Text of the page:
Lords of the Rings

Basic science sheds new light on this old house.

By Wayne Curtis

Dwight-Barnard
Dwight-Barnard House, Deerfield, MA

Credit: Jeffery Howe

When Paul Krusic knocks on the door of a colonial house in New England, the owners tend not to be overly receptive. That's because Krusic, a climate researcher at Columbia University's Lamont-Doherty Earth Observatory, travels with a drill equipped with an outsized bit. He isn't terribly interested in the house's chamfered edges or how the roof was framed or why the builders opted for a fanlight instead of sidelights around the front door. Thinking of the ancient oak timbers inside the walls, he is hoping to go inside and begin drilling holes.

Krusic's job is to reconstruct the climates of eras past, and the timbers in a very old house—particularly the way their tree rings are patterned—can tell him much. Some of the houses that Krusic has encountered were made from trees that germinated before Columbus left Spain and were harvested before tea went into Boston's harbor. Last spring, the ell of a 1752 house outside Hartford was found to have been built with oak timbers that germinated sometime in the 1400s. And a house in New York's Hudson River valley, it turns out, has timbers dating back to 1449. "We envision homes as remnants," says Krusic. "They're what's left of our precolonial forests." In those scattered vestiges of ancient woodlands, Krusic looks for fingerprints the weather left behind.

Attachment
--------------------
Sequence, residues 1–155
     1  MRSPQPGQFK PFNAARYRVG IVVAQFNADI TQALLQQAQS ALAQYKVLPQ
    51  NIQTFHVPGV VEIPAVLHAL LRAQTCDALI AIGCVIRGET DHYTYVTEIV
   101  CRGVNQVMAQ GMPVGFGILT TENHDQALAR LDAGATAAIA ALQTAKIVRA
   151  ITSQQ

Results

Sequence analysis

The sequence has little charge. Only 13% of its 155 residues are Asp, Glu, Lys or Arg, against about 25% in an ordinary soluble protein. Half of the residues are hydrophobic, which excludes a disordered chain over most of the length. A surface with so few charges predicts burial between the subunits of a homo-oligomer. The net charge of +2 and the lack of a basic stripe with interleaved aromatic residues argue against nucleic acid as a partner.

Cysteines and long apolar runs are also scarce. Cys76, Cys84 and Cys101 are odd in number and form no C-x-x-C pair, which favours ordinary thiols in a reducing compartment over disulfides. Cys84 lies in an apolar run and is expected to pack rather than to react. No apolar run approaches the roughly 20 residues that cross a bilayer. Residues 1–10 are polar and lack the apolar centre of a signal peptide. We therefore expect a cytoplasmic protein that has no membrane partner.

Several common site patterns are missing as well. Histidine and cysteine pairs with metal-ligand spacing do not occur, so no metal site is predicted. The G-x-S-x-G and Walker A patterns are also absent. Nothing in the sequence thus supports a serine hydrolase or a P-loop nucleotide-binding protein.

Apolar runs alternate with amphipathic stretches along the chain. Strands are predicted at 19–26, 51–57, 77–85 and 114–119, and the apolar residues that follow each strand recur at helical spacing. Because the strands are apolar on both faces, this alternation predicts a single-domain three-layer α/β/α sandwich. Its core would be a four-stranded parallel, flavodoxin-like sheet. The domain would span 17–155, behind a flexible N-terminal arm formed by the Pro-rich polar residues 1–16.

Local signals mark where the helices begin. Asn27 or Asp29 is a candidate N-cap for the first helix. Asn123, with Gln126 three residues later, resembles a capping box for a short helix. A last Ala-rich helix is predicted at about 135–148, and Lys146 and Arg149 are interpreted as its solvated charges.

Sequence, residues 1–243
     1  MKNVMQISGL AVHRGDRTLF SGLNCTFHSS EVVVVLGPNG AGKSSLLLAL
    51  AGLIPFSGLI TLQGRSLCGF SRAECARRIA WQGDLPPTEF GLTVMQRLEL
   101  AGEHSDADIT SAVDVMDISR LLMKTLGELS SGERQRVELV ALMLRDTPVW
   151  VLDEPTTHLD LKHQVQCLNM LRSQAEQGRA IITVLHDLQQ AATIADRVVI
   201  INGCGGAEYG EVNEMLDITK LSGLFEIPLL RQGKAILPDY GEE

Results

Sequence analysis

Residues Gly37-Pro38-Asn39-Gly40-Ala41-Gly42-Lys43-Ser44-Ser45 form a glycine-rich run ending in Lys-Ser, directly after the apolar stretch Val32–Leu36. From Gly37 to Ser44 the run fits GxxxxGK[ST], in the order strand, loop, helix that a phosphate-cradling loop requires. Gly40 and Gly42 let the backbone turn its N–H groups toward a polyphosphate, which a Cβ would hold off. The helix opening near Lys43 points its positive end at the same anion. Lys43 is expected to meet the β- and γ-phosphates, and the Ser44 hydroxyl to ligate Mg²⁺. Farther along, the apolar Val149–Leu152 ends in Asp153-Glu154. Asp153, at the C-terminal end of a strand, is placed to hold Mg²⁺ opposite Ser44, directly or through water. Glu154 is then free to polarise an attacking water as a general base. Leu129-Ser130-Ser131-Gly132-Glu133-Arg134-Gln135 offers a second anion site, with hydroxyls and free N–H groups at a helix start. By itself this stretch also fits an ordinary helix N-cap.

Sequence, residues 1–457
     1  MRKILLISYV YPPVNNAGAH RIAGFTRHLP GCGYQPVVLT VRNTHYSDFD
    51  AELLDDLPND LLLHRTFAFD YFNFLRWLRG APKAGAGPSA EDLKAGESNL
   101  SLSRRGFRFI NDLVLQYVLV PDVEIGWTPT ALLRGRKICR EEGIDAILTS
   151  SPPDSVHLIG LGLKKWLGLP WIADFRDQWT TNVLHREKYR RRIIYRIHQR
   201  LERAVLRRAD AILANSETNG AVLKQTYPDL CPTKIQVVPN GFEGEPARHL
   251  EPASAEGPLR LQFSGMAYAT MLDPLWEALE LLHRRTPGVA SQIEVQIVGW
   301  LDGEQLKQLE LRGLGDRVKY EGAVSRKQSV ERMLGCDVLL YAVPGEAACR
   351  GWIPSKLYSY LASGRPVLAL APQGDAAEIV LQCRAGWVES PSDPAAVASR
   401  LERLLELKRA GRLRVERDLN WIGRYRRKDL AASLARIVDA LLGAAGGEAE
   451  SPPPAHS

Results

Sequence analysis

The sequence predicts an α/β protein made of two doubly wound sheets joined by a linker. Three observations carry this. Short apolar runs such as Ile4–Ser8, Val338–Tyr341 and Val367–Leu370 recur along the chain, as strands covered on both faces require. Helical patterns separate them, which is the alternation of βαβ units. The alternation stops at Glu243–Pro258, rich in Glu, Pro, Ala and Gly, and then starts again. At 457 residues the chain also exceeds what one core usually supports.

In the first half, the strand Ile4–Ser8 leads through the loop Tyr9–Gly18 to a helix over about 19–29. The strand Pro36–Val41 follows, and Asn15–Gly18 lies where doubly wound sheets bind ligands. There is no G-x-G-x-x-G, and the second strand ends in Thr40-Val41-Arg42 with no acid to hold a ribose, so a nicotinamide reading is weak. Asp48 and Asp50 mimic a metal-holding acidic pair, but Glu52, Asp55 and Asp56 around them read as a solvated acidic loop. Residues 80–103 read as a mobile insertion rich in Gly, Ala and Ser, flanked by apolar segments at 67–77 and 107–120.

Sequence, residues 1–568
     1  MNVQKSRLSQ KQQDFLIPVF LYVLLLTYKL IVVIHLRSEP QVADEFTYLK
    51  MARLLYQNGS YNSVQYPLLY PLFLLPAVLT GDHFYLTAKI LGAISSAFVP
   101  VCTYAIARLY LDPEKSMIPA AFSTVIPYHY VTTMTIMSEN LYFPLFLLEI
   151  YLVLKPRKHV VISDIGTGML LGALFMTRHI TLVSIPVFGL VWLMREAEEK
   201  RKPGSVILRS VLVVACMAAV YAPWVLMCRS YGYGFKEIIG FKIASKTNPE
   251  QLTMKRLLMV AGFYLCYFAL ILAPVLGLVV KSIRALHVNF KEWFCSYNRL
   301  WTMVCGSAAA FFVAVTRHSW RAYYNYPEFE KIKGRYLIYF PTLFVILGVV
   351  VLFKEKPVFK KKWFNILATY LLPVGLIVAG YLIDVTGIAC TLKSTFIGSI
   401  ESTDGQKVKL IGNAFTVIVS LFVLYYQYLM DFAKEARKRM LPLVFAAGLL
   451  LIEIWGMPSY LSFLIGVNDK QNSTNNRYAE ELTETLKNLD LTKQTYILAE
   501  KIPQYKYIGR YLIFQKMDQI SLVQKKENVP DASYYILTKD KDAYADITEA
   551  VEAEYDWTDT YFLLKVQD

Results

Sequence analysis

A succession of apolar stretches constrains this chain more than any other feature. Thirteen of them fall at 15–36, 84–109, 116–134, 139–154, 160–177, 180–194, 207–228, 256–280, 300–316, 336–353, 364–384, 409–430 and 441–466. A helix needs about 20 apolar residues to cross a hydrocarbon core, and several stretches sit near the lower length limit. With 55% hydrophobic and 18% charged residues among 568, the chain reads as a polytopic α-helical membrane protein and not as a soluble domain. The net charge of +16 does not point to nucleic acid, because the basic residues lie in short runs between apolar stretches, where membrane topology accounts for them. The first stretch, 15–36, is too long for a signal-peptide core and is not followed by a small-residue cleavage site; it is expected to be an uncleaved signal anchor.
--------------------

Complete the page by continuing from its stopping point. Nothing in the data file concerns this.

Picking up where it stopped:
As a result of this work, climate researchers have arrived at some striking conclusions about regional weather in the past. Architectural historians, keen to know exactly when America's oldest houses were built, have been using the techniques as well. After all, the impressive brass plaques seen on so many early houses are often the result of educated guesswork. The science of dendrochronology, the dating of trees by the careful analysis of their rings, is changing all that—and leading to some surprising, even revolutionary discoveries. A great many houses, it turns out, are not as old as previously thought.

"For me, dendrochronology has been a disaster, and I mean a real disaster," says Abbott Lowell Cummings, who at 83 years old is the dean of early American architecture. "Architectural history is going to have to be rewritten. There's no question about that now."  

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